To anyone outside the world of SEO, 3-pack, NAP citation, and GMB profiling must sound mystifying. However, for an SEO agency like Dreamscape Marketing, these are three key concepts experts look at to local search engine results.
Ranking in the 3-Pack
Let’s talk about local SEO. It’s a conversation that needs to happen because businesses depend on it (more than they may realize).
Defining Local SEO
Local SEO is how you optimize your addiction treatment center for location-based keywords. Such localized keywords might include something like “drug rehab South Florida” if that’s where your facility was located. Another aspect of this equation is your Google My Business profile.
Is Local SEO Important?
How important is local SEO? Let the percentages tell you…
According to Search Engine Roundtable, 46% of all Google searches have what’s called “local intent.” Google also tells us that “near me” searches have grown an astounding 150% faster than more traditional, locally-based searches.
As a premier provider of digital marketing agency services, Dreamscape Marketing can tell you that local searches form an essential aspect of SEO. Let’s dive into aspects you need to better understand.
What is a 3-Pack and Why is It Important?
In the gym, you might work on a 6-pack. In the world of off-page SEO strategy, it’s a 3-pack you’re after (also known as a map pack). What is it? A set of three local business results, accompanied by a Google map showing locations.
For example, if you search for “plumber worcester massachusetts”, Google will have a Map Pack at the top of the results.
Below that will be the regular search results.
Interestingly, this 3-pack functions under its own unique Google algorithm, and under a separate set of rules (according to Google).
That’s not to say that backlinks aren’t going to help you in local searches. They will. However, stuff like NAPs (name, address, phone number) really the only factor in the map pack.
Remember, of course, that a search doesn’t have to involve a specific city or state keyword to yield local results. It all depends on whether Google decides a local search result is appropriate.
Let’s say you Google “florist” Google will give you this:
Obviously, the power of targeting localized keywords during keyword research can’t be ignored. Therefore, optimizing for “business type + city” makes a lot of sense.
Tracking How Map Packs Rank
As you begin a local SEO campaign, you need to know where you stand before getting started.
In other words, how do you rank according to the Map Pack? Just about any rank tracker handles Map Pack tracking.
Here’s the thing, though. Map Pack results are going to vary considerably, depending on where you’re standing when you do a search on your smartphone.
Let’s say you’re in lower Manhattan and you search for “restaurant.” Obviously, a lot of search results are going to pop up below the 3-pack. However, walk a few blocks north and make the same inquiry and what happens? You’ll see the order change or entirely different results for the 3-Pack and the listings below it. Obviously, your physical location greatly affects the search. But don’t imagine for a minute that other SEO factors aren’t at play also.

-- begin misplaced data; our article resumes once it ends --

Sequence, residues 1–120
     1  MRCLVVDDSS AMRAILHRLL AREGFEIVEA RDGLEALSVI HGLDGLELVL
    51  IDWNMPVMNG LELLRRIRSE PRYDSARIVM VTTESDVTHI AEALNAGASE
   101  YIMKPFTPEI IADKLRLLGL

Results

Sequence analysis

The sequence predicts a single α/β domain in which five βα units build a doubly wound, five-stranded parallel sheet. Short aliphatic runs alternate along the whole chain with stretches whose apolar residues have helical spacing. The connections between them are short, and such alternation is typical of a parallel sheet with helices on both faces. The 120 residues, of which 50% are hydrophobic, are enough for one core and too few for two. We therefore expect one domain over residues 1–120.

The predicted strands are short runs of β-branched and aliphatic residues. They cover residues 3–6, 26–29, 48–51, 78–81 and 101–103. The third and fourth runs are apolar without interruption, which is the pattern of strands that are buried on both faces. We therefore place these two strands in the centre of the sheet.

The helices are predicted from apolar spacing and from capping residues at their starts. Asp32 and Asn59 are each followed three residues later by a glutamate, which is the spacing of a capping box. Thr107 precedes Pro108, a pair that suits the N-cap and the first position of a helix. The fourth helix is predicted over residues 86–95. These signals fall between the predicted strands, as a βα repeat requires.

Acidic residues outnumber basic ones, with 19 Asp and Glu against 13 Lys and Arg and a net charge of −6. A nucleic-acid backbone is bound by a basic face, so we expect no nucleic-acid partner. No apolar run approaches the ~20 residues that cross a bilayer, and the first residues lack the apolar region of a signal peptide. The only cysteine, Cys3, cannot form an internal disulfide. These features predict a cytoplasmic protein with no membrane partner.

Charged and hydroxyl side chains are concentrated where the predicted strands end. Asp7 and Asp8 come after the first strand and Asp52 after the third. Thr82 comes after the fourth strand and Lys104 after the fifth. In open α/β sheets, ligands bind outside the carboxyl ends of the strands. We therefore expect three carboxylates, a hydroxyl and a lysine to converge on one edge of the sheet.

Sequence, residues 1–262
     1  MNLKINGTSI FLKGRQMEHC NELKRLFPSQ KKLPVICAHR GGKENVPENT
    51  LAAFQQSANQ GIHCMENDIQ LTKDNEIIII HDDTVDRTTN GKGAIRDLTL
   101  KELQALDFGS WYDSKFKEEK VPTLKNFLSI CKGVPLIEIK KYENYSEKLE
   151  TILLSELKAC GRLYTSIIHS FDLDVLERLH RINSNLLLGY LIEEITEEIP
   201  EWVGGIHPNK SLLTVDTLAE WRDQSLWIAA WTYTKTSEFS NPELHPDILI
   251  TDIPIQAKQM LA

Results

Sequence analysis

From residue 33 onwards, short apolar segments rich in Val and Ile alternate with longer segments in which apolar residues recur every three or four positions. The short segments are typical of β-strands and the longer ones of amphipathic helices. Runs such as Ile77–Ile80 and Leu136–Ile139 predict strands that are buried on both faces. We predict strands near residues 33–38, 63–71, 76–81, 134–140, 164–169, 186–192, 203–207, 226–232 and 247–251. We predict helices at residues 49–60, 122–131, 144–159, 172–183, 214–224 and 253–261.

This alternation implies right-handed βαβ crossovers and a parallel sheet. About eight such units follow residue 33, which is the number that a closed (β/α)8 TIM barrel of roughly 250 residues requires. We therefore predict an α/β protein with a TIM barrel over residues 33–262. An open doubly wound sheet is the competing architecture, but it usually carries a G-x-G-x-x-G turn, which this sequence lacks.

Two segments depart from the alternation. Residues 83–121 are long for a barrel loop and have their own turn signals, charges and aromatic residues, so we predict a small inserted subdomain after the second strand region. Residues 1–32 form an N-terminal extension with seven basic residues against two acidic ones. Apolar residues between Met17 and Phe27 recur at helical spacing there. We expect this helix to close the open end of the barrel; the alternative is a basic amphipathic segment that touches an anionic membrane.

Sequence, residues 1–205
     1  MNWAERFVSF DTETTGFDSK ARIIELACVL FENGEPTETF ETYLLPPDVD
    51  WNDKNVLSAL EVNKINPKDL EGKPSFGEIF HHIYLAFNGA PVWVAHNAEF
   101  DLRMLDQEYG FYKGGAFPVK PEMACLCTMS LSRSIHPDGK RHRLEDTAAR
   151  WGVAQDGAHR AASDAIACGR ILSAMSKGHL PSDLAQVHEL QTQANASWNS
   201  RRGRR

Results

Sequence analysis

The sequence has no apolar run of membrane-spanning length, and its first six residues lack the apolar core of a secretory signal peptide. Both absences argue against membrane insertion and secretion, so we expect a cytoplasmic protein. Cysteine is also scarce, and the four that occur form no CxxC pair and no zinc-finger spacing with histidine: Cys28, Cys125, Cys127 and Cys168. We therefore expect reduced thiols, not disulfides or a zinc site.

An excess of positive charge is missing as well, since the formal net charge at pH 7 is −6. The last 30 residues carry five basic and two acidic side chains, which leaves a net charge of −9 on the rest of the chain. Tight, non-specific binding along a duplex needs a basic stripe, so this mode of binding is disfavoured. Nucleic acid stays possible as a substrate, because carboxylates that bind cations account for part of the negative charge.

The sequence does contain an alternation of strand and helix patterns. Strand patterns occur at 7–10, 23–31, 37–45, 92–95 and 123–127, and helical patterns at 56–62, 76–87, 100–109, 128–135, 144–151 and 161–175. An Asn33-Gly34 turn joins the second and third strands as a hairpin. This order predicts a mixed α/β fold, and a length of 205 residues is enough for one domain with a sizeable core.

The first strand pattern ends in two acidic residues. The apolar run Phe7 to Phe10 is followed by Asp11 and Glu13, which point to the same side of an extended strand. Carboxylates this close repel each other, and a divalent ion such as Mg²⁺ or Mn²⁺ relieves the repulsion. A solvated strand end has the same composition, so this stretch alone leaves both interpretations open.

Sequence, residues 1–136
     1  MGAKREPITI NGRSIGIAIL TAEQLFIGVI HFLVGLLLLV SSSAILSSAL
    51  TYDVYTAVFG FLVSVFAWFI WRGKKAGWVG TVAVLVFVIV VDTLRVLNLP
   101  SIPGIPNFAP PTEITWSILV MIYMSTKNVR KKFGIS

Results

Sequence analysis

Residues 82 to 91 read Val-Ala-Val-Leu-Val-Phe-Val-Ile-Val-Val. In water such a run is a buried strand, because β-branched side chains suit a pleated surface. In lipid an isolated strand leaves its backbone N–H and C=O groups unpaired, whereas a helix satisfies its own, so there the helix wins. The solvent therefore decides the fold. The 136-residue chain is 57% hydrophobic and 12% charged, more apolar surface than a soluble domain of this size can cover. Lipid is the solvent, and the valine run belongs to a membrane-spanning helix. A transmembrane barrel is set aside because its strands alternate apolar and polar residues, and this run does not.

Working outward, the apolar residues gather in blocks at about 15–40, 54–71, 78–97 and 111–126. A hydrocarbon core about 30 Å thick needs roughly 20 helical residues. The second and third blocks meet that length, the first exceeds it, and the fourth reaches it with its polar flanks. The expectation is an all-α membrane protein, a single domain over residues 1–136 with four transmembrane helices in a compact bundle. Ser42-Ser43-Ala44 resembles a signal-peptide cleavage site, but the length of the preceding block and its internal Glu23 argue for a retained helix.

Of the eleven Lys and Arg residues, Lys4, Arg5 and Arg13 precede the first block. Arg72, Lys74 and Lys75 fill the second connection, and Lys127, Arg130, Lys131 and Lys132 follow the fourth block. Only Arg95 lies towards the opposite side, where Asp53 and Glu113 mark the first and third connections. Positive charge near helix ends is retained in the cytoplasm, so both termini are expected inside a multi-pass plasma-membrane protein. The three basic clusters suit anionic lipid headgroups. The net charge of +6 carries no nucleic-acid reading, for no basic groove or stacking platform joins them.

Local Rankings Should be Organic
Obviously, the 3-pack aspect of the Map Pack is something you want to be focused on. However, by no means does that mean setting aside the more traditional ways to rank in local results.
Admittedly, your local organic results don’t quite have the same visibility of the 3-pack because they live below it.
It’s a mistake to devote 100% of your SEO efforts to that 3-pack so attractively placed at the top.
The great thing about Google search engine page results is that local results are strongly affected by the traditional on-page SEO strategy that everyone knows so well: keyword in the title tag, appropriate keyword density in the document, etc.
“Near Me” is the New Black
Don’t start thinking that “business + city” is all there is when it comes to local searches. “Business + near me” is a big deal, and you probably need to focus more attention on it.
Let’s say you wanted to track the rankings for “drug rehab near me.” Go to your preferred rank tracking tool and designate a location:
You can drill down even further by looking at rankings for this keyword phrase in different cities or parts of town:
NAP (Name, Address, Phone Number) Citations
As we consider aspects of local SEO, it’s now time to consider NAP citations.
Think of NAP citations like you would backlinks—only harder to build.
A NAP Audit Is Vital
Your NAP data has to be consistent in every place it appears. That includes your website, your Google My Business profile and on any and all business directories. If there’s a discrepancy, you have a problem.
Before you make use of citation tools and services, there are two things you need to deal with:
- Making sure the NAP for your business is up to date
- All past NAP information, so that you can correct anything outdated or tweak anything that isn’t an exact match with the rest of the NAP citations